It’s like this tour was created specifically for me and when it was first announced I thought it was some kind of cruel trick that my friends were playing on me. My two favorite bands followed by a living legend, what else could we ask for? Highlights included Ryan Bingham joining MMJ on stage for a cover of The Band’s version of the Marvin Gaye classic “Don’t Do It” and my heart nearly exploding when MMJ joined Wilco to cover The Beatles’ “Tomorrow Never Knows.”


6. Volcano Choir at The Paradise 9/11

Although the band’s Repave had only been released a week before, this show quickly sold out once everyone and their brother realized that Justin Vernon would be performing at a 900 cap room. The energy from the crowd was palpable throughout the show, so much so that Vernon and guitarist Chris Rosenau had to step away from the mics multiple times between songs to let the applause of the crowd die down. The crowd never lulled below a loud and extended roar after each song, but the most raucous applause came after a stirring rendition of the Repave single “Byegone”, a performance that still gives me goosebumps when I think about it.


5. The Complete Last Waltz at The Capitol Theatre 11/27

There’s not much more to describe what happened on Thanksgiving Eve at The Capitol Theatre in Long Island than magic, pure magic. A rotating cast of musicians including Wilco’s Nels Cline, Delta Spirit’s Matt Vasquez, Fruits Bats’ Eric Johnson, Vetiver’s Andy Cabic, Cass McCombs, Marco Benevento, and more, performed The Band’s legendary Last Waltz concert song-for-song. This was no half-hearted cover band though, it was a true tribute to one of the most influential bands of all-time by musicians who were inspired by their art. Each musician played their part in front of the core band who appeared on the majority of songs and included Benevento, Sam Cohen (Apollo Sunshine), Scott Metzger (Wolf!), Dave Dreiwitz (Ween), Joe Russo (Further), Jeff Chimenti (Further), Alecia Chakour, and the Antibalas Horns. Each song was tactfully recreated, but the highlight for us was Cass McCombs’ turn on lead vocals and guitar for a string of three songs that included “It Makes No Difference”, “The Night They Drove Old Dixie Down”, and “Stage Fright”.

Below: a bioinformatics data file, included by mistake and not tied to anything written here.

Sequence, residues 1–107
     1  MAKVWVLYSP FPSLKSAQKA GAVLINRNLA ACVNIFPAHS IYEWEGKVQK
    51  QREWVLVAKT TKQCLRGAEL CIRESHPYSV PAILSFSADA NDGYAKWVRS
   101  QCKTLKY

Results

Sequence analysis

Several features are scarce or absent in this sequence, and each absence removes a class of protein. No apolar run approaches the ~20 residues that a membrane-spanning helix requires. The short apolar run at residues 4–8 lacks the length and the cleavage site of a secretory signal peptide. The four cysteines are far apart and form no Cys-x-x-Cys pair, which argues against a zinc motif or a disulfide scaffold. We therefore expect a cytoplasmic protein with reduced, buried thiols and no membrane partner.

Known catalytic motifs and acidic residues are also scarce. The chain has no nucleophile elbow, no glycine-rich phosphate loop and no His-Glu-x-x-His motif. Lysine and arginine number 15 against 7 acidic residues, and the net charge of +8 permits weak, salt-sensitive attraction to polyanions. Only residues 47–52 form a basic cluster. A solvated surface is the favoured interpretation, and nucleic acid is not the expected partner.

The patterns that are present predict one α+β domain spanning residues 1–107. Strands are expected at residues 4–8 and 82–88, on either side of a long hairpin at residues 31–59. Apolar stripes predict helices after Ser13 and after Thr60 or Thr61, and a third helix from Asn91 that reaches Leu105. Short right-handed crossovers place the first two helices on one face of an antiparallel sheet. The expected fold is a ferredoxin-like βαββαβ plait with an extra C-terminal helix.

4. Paul McCartney at Bonnaroo 6/14

Paul McCartney has to be one of humanity’s greatest living treasures. Even if he was old and infirm, just wheeling him on stage and being in his presence could have been a highlight for me at this year’s Bonnaroo. Luckily though, Paul McCartney doesn’t age. This might have been one of the best shows I’ve ever seen in my life, not only because I knew almost every song he played by heart, but so did everyone else. It’s almost impossible to sum up what happened on that summer night on the Farm, but I think there was a general consensus among people after the show, it was emotional and the epitome of what Bonnaroo is supposed to be. Moving tributes to George and John, tales of Jimi and Clapton, songs ranging from the Beatles to Wings, and everyone being moved by that one song they have a connection too occurred during Sir Paul’s set. While I could talk about how personal moments of reflection provided in songs like “Eleanor Rigby”, “Let It Be” or “Yesterday” made me well up; it’s better to focus on the euphoric moments found in the songs of “Live and Let Die” which included an amazing fireworks display that took us all by surprise, “All My Loving” which made me feel like a 16 year old girl screaming on the set of the Ed Sullivan Show or 80,000 people singing the chorus of “Hey Jude.” These moments are what made this one of the best concerts I’ve ever seen in my life and why it deserves to hold a spot on the top concerts of 2013.